New Paltz grads perform musical selections at the ceremony accompanied by their underclassmen. (photo by Lauren Thomas)

With the New Paltz High School chorus singing a sweet version of “In My Life” — the Beatles poetic paean to remembrance — the noble seniors of 2012 marched forth to claim their independence this past Friday at the Larry Johnson Gym. It seemed to be the theme running through speeches by salutatorian Melanie Schmidt, valedictorian Charlton Tsai and guest commencement speaker, New Paltz teacher Albert Cook. The idea that the future is out there, yes, and it should be faced and commenced with, but each warned of difficulties ahead, noting, as Schmidt did, “that the world is not an easy thing to live in.”

Schmidt’s speech, filled with some sardonic humor, began with her congratulating her classmates “the last class to graduate from New Paltz…ever,” alluding to the Maya calendar prediction that the year 2012 could be our last. “Our final adieu to New Paltz.” Adding, “there is no guarantee to get jobs, payoff our college debt…giving us the feeling we are going to fail.” But then, reverting to the ever-present optimistic remembrances of young adulthood, she reflected on her time at New Paltz. “It will be amazing to go off into the world, but I love New Paltz High School. The people are special; the teachers actually care about us.” She praised her classmates for their industriousness, “with no non-willing slackers among us. We are destined to succeed…we can get through hardships…there are great changes going on,” and she mentioned social-networking opening up the world to all. “It will be harder out there than at New Paltz High School, but we can make the world what we want it to be.”

School board vice-president KT Tobin then told the gathering that “we are creating citizens of the world, ready for the challenges ahead…New Paltz has provided the means to do that, the rest is up to you.” Tobin then quoted Ralph Waldo Emerson: “Nothing great was ever achieved without enthusiasm.”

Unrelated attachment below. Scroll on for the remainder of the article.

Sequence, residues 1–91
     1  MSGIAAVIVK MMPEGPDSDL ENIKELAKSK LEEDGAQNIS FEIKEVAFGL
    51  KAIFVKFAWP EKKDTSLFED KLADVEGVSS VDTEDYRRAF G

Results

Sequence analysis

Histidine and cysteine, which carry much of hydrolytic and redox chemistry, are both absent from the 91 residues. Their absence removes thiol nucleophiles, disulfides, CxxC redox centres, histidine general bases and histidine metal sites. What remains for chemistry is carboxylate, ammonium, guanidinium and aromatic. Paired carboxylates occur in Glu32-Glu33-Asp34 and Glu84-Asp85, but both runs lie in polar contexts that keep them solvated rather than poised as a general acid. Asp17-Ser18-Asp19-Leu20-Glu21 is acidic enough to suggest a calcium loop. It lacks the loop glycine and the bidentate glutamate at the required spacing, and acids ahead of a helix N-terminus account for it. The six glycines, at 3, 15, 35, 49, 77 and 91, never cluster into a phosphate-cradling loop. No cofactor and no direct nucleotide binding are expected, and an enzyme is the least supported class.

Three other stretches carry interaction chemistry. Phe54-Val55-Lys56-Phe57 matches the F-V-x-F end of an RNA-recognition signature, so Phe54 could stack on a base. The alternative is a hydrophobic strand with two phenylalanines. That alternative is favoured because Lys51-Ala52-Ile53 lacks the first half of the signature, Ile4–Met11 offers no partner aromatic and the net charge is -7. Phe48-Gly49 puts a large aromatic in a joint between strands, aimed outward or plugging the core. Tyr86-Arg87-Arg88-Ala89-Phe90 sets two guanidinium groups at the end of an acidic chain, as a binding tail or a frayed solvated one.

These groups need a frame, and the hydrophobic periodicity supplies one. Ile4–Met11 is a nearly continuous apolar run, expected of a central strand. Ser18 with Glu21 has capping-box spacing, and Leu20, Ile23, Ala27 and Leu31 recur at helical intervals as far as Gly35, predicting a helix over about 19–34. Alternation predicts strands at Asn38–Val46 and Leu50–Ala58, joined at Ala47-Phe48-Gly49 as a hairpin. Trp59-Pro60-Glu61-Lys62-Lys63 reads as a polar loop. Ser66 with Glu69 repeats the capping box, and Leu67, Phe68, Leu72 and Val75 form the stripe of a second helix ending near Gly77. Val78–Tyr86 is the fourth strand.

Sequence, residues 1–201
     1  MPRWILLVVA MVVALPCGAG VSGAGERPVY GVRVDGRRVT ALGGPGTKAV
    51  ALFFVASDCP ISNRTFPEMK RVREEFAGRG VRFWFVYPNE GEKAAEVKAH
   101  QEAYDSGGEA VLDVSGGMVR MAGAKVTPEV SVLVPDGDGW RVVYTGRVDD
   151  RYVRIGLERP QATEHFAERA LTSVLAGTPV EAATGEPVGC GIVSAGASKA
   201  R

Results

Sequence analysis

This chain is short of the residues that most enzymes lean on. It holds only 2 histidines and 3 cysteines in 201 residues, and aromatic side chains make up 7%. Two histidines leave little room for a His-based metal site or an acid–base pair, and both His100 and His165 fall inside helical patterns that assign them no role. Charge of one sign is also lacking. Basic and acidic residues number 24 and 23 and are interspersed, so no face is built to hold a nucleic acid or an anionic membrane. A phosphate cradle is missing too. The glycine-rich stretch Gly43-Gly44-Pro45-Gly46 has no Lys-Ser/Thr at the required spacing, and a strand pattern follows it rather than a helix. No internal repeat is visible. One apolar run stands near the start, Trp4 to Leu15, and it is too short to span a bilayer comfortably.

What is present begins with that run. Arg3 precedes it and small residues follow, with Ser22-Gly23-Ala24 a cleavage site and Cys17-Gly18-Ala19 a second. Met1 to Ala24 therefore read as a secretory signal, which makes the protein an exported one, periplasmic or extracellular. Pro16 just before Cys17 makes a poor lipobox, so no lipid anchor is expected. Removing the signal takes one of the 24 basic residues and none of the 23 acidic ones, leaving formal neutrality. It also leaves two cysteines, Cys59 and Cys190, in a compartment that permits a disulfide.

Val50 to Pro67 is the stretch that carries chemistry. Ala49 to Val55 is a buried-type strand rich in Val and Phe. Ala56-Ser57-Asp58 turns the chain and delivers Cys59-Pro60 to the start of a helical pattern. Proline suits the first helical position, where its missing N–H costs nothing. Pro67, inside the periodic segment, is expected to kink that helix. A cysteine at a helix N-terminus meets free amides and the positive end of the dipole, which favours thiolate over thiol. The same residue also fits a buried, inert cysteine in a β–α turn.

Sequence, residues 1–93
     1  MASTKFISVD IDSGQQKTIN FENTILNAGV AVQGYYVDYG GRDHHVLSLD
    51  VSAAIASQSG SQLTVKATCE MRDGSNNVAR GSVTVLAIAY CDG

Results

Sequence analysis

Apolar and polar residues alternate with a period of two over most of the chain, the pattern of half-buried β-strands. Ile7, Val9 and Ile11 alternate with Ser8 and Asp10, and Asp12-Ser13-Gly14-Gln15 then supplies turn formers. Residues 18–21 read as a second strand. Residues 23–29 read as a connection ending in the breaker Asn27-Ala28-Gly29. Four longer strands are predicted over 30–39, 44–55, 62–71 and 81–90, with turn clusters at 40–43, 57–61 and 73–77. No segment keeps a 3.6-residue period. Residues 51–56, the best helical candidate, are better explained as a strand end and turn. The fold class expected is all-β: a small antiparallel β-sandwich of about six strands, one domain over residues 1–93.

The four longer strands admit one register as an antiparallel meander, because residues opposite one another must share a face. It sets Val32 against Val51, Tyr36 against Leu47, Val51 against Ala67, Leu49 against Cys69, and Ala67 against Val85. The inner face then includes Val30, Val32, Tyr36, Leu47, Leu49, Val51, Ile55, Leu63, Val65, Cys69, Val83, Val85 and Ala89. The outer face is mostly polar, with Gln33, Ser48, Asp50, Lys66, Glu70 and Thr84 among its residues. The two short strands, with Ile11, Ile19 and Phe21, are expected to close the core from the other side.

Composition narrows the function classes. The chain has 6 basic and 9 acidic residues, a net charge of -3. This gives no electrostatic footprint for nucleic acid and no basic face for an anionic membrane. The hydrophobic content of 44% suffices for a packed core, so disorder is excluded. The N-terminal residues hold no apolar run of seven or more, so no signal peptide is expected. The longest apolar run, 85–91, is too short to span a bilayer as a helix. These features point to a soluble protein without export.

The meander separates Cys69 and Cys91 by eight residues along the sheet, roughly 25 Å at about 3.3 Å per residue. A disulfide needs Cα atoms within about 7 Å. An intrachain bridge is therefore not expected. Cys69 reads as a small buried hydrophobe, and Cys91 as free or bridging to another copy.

A theme if not picked up by, then at least delivered with that requisite amount of enthusiasm by New Paltz valedictorian Charlton Tsai. Looking as comfortable as could be addressing his classmates, Tsai mixed in some pointed ideas (and ideals) along with some humorous reminiscences, things like “diversity has been our unity”, “despite our differences we have collective strength”, “we live life like we want to”, “we need to act now to address the serious issues facing our world”, and then quoting Renaissance poet John Donne, added that “No man is an island.” Tsai’s winning humor got a great reception from his classmates, and as he added a personal note at the end of his speech regarding his opportunity to skip ahead a grade after first grade, which he turned down to stay with his beloved classmates — now graduating with him — an audible “Ahhhhhhhh”, filled the gym. “You only live once,” said Tsai, “so stay true to yourself.”

Guest speaker, New Paltz history teacher Albert Cook after congratulating the seniors for making it through to this moment, said, “It is no small thing what you have accomplished. With struggles along the way, some heart-wrenching…but you made it! This is your moment of triumph” — then asked the graduates to think about three ideas, “three pieces of advice I could give you,” enumerating philosophically the ideas of potential, success and wisdom. Seeing potential as common to all people, Cook told the seniors to maximize that potential, “make a habit of it.” With success, Cook asked how we measure it, to not be short-sighted in our pursuit of it, that it is not just material success that matters, but “love and service, an unquantifiable satisfaction.” And for wisdom…”seek it”…know what to do with knowledge, the right and wrong way of doing things. And quoting English philosopher Thomas More: “Education is not the piling on of learning, it is the making visible what has been hidden…like a seed.”

The graduates then received their well-deserved diplomas, ending the 80th annual New Paltz High School graduation to the strains of “Sine Nomine” by Vaughan Williams.